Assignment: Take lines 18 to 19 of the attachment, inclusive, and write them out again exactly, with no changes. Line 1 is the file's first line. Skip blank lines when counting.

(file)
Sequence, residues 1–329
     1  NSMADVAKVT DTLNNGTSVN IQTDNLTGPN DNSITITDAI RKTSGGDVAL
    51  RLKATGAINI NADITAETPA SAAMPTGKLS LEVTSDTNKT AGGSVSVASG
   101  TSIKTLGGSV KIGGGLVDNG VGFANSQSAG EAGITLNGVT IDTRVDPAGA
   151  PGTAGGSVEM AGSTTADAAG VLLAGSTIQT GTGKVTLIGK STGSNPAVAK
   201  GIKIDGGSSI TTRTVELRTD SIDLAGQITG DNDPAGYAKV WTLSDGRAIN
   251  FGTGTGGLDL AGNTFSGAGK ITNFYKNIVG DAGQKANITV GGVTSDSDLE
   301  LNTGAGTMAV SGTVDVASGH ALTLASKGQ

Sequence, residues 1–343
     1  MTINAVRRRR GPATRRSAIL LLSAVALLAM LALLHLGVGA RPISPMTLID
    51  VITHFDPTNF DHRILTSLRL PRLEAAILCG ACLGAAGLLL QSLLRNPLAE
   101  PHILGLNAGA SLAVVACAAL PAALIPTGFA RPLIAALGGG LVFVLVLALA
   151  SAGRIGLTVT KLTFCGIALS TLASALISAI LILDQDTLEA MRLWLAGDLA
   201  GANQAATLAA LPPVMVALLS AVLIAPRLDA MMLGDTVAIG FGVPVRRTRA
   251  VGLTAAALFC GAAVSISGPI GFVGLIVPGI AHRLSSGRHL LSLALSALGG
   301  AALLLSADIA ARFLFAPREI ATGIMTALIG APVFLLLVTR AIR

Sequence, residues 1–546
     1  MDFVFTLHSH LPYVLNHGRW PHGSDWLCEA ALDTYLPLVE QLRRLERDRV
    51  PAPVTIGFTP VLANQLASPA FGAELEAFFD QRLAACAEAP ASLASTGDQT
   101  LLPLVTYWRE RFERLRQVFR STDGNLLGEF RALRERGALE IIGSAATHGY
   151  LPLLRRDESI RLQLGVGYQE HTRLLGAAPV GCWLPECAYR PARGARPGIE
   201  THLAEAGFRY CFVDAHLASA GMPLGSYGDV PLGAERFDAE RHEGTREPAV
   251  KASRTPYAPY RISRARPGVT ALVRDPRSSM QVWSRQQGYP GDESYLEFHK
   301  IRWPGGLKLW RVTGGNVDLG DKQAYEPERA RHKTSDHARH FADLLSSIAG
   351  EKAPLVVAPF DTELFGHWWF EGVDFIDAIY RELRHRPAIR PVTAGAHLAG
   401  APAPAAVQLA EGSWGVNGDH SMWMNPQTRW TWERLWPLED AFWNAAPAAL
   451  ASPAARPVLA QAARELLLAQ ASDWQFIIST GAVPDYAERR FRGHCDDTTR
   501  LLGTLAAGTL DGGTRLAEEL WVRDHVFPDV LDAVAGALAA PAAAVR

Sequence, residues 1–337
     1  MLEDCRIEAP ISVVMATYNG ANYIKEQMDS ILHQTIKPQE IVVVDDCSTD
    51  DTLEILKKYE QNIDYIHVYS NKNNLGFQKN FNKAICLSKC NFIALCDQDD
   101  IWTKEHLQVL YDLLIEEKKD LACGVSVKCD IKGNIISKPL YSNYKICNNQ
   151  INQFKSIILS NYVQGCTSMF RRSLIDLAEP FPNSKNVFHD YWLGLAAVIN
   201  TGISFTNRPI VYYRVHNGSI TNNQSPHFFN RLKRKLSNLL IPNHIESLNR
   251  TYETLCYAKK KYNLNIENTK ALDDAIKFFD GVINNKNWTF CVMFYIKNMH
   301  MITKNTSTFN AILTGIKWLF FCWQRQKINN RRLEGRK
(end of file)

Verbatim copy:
     1  MDFVFTLHSH LPYVLNHGRW PHGSDWLCEA ALDTYLPLVE QLRRLERDRV
    51  PAPVTIGFTP VLANQLASPA FGAELEAFFD QRLAACAEAP ASLASTGDQT